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Sun Spots and Melasma Treatment in Calgary

Woman's forehead with melasma

Understanding Melasma

Melasma is a dermatological condition causing patches of grey or brown discoloration, typically manifesting on the forehead, cheeks, or chin. It predominantly affects women between age 25-50, and is usually caused by:

  • sun exposure
  • birth control
  • pregnancy
  • certain medications
  • heat

Treating Melasma

Melasma is often challenging to conceal and can be just as difficult to treat, sometimes leading to more pigmentation issues if not carefully done. Some of the most successful Calgary melasma treatment options include prescription medications, powerful medical-grade skincare solutions, and platelet-rich plasma (PRP) therapy. However, effectiveness will vary from person to person, and it will depend on your individual body type and physiology.

Treatment Options

Skin Care Bootcamp: Pigment and Scarring Program

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Chemical Peels

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PRP (Platelet Rich Plasma)

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Prescription Medication

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Melasma Treatment for Brown Skin

Treating melasma in individuals with brown skin can be particularly challenging due to the increased risk of post-inflammatory hyperpigmentation. It's crucial to use gentle, targeted treatments tailored to your specific skin type and tone. Options that lighten skin or rejuvenate the dermal layers, like topical hydroquinone or glycolic acid, are best, and should always be administered under the guidance of a trained specialist with experience in treating such skin types.

Melasma Treatment for the Body

While melasma most commonly affects the face, it can also appear on other parts of the body, such as the shoulders, arms and hands, back, or chest. Treatment for melasma on the body typically involves topical creams containing ingredients like hydroquinone, tretinoin, or corticosteroids. In some cases, more potent procedures like chemical peels or PRP may be recommended for stubborn patches that resist lighter forms of treatment.

Melasma Treatment for Legs

Melasma on the legs is less common than the face or body, but it has been known to occur for a variety of reasons. Treatment approaches for melasma affecting the legs are similar to those elsewhere: proper sun protection to prevent further pigmentation, prescription creams or medications, chemical peels, PRP microneedling, and possibly even very specific non-ablative laser therapy in certain cases. These approaches should be discussed with a qualified clinician or dermatologist to ensure they’re the best choice for you.

Melasma Treatment Side Effects

Melasma treatments of any type can have side effects, which are generally quite mild and quick to pass. Common side effects may include:

  • skin irritation
  • redness/rash
  • swelling
  • hyperpigmentation (which may darken before fading away again)
  • itchiness
  • skin peeling

It’s a good idea to discuss your chosen approach with a dermatologist or doctor before starting any melasma treatment in Calgary, and to follow their recommendations for minimizing and managing these side effects.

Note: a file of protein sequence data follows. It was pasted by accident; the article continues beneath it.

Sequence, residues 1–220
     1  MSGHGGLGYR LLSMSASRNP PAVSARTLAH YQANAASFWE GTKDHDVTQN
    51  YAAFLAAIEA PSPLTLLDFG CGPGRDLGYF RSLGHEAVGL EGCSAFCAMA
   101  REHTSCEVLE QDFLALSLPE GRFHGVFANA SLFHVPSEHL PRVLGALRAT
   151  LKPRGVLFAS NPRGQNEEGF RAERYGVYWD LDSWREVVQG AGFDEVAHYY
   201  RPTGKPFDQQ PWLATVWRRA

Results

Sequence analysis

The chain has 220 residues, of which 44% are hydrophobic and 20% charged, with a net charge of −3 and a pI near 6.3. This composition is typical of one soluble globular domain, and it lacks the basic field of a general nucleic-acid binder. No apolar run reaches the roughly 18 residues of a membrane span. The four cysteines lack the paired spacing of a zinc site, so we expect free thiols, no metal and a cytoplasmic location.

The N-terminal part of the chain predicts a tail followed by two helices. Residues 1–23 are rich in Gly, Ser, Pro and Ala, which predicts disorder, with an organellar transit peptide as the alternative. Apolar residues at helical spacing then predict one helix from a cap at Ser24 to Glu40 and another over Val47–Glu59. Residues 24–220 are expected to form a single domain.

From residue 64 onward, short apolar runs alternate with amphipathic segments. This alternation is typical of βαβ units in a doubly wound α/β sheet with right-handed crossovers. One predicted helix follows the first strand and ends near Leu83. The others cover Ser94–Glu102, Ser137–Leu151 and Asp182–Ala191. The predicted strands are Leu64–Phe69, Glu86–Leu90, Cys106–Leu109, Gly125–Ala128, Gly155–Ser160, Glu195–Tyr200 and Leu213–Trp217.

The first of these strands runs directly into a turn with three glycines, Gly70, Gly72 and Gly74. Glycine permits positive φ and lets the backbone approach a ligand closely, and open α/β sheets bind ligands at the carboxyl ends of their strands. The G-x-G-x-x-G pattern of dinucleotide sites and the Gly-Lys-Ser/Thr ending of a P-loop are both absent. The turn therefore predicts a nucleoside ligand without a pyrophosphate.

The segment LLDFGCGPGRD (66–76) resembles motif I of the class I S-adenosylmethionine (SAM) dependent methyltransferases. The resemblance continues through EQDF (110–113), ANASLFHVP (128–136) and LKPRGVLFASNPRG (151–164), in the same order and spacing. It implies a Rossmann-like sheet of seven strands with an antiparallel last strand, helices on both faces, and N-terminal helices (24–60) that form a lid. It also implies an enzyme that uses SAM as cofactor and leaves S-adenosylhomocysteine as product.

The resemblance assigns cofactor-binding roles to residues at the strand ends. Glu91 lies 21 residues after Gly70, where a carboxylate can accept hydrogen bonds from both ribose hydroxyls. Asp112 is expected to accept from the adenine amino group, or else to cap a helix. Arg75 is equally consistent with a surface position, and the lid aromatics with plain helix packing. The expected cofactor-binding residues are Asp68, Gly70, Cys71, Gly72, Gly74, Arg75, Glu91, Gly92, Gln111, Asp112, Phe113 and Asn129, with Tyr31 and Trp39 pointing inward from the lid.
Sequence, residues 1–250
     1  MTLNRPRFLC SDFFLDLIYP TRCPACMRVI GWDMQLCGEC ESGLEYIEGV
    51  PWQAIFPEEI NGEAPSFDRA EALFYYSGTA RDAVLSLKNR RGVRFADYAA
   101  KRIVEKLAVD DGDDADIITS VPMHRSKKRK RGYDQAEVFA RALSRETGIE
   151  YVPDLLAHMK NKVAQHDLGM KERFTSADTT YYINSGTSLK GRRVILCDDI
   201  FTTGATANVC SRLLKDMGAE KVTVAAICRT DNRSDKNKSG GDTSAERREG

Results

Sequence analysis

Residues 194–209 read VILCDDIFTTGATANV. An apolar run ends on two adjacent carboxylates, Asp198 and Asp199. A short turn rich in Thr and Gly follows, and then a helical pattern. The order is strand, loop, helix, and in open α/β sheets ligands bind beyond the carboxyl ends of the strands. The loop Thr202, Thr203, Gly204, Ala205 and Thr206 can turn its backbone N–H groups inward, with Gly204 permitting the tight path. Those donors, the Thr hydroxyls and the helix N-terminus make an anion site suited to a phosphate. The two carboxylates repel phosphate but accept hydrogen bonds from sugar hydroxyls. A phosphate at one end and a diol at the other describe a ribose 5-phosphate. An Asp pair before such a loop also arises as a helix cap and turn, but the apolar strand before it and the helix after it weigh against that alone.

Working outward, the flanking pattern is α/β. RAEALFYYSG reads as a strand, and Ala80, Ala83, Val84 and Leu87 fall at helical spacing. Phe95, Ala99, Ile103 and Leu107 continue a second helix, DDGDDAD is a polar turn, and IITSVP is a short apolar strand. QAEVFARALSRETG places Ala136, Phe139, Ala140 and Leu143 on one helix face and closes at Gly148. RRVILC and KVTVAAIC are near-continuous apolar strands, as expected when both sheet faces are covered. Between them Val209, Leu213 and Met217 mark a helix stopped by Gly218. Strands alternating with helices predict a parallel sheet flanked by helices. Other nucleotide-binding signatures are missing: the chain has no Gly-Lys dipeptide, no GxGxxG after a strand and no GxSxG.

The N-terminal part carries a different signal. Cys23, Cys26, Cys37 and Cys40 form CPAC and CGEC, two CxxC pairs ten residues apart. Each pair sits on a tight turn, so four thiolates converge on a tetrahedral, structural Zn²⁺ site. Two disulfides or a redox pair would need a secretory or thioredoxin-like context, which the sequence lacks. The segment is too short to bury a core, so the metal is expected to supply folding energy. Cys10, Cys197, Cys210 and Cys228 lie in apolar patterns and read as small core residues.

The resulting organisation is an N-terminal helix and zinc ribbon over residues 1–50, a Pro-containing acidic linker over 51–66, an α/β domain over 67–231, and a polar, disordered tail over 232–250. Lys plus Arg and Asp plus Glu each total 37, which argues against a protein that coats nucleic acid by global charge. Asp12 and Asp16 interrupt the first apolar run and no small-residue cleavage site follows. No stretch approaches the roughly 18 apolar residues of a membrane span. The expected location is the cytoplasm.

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What is Melasma?

Hyperpigmentation occurs when excess melanin causes a darkened appearance to the skin in either small or large areas.

Pigmentation is the natural colour of a person’s skin and it is related to melanin production. Melanin protects skin cells and their DNA by absorbing the sun’s ultraviolet rays (UVR).

Darker skin types, in general, are more susceptible to hyperpigmentation than lighter skin types because their skin naturally contains more melanin.

Melasma Linked to endocrine system (hormones).

Post-Inflammatory Linked to trauma/ burns/ acne / poorly performed treatments.

Age Spots Linked to UVA exposure, pollution and DNA damage.

What are the hyperpigmentation types and triggers?

1. UV induced: This type of hyperpigmentation shows in the form of freckles, age spots and uneven skin tone. It is caused by exposure to ultraviolet rays (UVR), whether from the sun or tanning beds.

2. Post-Inflammatory Hyperpigmentation (PIH): PIH is found in areas of the skin that have been subjected to inflammation due to trauma, acne or irritation (eg. fragrances). Inflammation stimulates Langerhans cells (immune cells), which alter the activity of melanocytes (skin cells), causing increased pigment production.

3. Melasma (chloasma): Melasma appears as symmetrical patches most often on the cheeks, chin, upper lip and forehead. It can be related to pregnancy, birth control pill, menopause or hormone replacement therapy.

What is the Hyperpigmentation Process?

1. Hyperpigmentation triggers eg. Inflammation, UV rays, hormones.

2. Melanin production is stimulated within melanocytes. Tyrosinase is one of the key enzymes in this process.

3. Melanin is transferred from melanocytes to skin cells.

4. Skin cells are in a constant state of upward motion to the surface.

5. Skin develops dark spots or areas on the surface, or is uniformly darker (as in a tan).

Hyperpigmentation can become darker as the skin cells move closer to the surface. This point is important because with many treatments, hyperpigmentation can darken in appearance before fading.

Medical Grade Skin Care

Exfoliating Polish
Exfoliating Polish - Bardöt Beauty

Exfoliating Polish


Daily Power Defense
Daily Power Defense - Bardöt Beauty

Daily Power Defense


Complexion Renewal Pads
Complexion Renewal Pads - Bardöt Beauty

Complexion Renewal Pads


Retinol Skin Brightener 1%
Retinol Skin Brightener 1% - Bardöt Beauty

Retinol Skin Brightener 1%